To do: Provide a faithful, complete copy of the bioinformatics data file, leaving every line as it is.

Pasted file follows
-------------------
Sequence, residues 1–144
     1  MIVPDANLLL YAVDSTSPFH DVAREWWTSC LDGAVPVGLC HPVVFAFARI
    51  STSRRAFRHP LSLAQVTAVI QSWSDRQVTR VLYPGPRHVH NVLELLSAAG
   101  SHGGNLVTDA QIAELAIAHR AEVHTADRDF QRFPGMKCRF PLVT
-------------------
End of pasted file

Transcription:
Sequence, residues 1–144
     1  MIVPDANLLL YAVDSTSPFH DVAREWWTSC LDGAVPVGLC HPVVFAFARI
    51  STSRRAFRHP LSLAQVTAVI QSWSDRQVTR VLYPGPRHVH NVLELLSAAG
   101  SHGGNLVTDA QIAELAIAHR AEVHTADRDF QRFPGMKCRF PLVT